Bedtime Mode: How to Keep Notifications from Distracting You at Night on iOS 12

How to Keep Notifications from Distracting You at Night on iOS 12

Let's say you wake up in the middle of the night and check your phone to see the time. As soon as you do, you're greeted by a wall of notifications on your lock screen. You just wanted to know how much longer you could sleep, but now your mind's racing after seeing all of the messages you need to deal with. Thankfully, iOS 12's new Bedtime Mode has a solution for this problem.

Previously, you could use Do Not Disturb mode to mute alerts on a schedule when you needed peace, but this didn't stop the notifications from piling up on your lock screen. While DND mode is still present on iOS 12, Bedtime Mode builds on it to help minimize night-time distractions. The feature is only available on iOS 12 and higher.

Step 1: Enable Scheduled Do Not Disturb

Bedtime Mode will only work if you have Do Not Disturb mode's "Scheduled" setting enabled — otherwise, you won't see the Bedtime Mode option. So to start, head to Settings and select Do Not Disturb, then enable the toggle next to "Scheduled." From there, tap the From/To field and use the next menu to set up quiet hours.

Note that with scheduled Do Not Disturb mode enabled, your phone won't make sounds or vibrations when you get notifications during your quiet hours. There are settings further down on the Do Not Disturb menu that let you choose whether or not alerts will sound when your phone is unlocked, or if repeated calls from the same number or a number in your favorited contacts list will ring through.

If these options won't cut it for you and you'd rather use DND mode manually instead of on a schedule, it's still possible to use Bedtime Mode. But for now, make sure the "Scheduled" toggle is enabled so that you can proceed to the next step.

Step 2: Enable Bedtime Mode

Now that you've set up a DND schedule, it's time to enable Bedtime Mode. From the same "Do Not Disturb" menu in Settings, enable the switch next to "Bedtime Mode."

At this point, if you don't want to use scheduled DND mode, but you do want to use Bedtime Mode, you can turn off the toggle switch next to "Scheduled." You'll still be able to engage Bedtime Mode by manually enabling the "Do Not Disturb" toggle at the top of this menu or by tapping the moon icon in your Control Center.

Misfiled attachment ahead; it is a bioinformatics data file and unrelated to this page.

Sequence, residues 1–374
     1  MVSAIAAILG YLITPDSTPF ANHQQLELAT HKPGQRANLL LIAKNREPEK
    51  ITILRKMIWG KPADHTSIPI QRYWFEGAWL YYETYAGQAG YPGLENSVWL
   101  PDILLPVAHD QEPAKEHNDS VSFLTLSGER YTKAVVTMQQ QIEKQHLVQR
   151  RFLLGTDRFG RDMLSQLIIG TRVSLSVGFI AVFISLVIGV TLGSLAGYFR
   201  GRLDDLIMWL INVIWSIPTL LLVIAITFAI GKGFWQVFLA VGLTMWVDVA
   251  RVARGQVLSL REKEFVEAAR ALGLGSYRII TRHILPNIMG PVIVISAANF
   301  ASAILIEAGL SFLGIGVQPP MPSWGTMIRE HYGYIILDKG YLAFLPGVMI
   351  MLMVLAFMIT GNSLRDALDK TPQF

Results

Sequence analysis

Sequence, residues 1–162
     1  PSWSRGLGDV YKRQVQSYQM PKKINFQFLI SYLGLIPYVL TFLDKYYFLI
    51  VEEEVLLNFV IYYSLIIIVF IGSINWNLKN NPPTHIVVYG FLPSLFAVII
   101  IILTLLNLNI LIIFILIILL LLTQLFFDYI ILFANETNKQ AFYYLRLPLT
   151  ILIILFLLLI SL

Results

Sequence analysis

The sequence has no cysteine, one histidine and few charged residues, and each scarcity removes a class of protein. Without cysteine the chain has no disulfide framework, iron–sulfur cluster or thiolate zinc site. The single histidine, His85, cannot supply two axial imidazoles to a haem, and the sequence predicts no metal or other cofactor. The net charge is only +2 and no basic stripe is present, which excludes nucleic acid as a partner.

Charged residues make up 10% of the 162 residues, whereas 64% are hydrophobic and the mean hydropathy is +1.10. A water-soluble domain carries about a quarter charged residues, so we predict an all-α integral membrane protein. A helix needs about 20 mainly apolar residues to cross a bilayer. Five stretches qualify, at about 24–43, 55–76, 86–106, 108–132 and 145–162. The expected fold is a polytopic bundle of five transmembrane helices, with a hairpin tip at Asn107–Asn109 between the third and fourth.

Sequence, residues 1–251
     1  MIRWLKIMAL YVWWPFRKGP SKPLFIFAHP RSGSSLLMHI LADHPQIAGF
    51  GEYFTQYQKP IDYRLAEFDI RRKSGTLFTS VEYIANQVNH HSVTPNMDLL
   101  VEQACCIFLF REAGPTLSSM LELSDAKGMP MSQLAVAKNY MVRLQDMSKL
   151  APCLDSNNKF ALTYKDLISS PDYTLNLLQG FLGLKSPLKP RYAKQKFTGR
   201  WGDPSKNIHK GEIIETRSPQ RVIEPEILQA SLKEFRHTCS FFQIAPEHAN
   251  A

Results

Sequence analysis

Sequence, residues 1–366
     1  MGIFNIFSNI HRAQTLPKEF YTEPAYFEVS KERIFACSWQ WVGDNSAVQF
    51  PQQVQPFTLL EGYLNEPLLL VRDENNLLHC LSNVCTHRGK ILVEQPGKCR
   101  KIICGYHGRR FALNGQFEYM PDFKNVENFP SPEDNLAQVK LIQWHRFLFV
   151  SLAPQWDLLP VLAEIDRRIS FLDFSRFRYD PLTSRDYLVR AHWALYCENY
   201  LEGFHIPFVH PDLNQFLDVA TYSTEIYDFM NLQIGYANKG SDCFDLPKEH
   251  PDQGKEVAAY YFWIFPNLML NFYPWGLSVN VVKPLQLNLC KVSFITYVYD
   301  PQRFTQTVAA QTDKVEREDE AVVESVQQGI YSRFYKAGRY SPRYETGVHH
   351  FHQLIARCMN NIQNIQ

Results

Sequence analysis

On the other hand, if you intend to keep the "Scheduled" toggle enabled, Bedtime Mode will kick in automatically during the quiet hours you set up in Step 1.

Step 3: Sleep Soundly Without Disturbances or Distractions

Now, whenever your phone is in Do Not Disturb mode, Bedtime Mode will also kick in. This will cause your lock screen to dim, and that wall of distracting notifications will be replaced by a message saying "Calls and notifications will be silent."

If you kept the scheduled quiet hours enabled, your lock screen will greet you with a message at the end of your quiet hours showing you today's forecasted weather.

If you must view your notifications while Bedtime Mode is engaged, you'll have to swipe up on the lock screen or notification center to see them. Notifications that came in while Bedtime Mode was on will show up under a header labeled "During Bedtime."

Aside from that, exceptions that you set up on the Do Not Disturb menu in Settings will also apply to Bedtime Mode. So if you opted to allow calls to ring through if a contact calls you or someone calls multiple times, it will still ring through in Bedtime Mode.

It's worth noting that the physical alert slider on the side of your iPhone won't cause Bedtime Mode (or DND mode) to kick in — it simply mutes notifications.

Now you should be able to set your phone's distractions aside and get a restful night of sleep. How did you set up your Bedtime Mode? Let us know in the comment section below.

Just updated your iPhone? You'll find new features for Podcasts, News, Books, and TV, as well as important security improvements and fresh wallpapers. Find out what's new and changed on your iPhone with the iOS 17.5 update.

Cover image and screenshots by Brian Lang/Gadget Hacks

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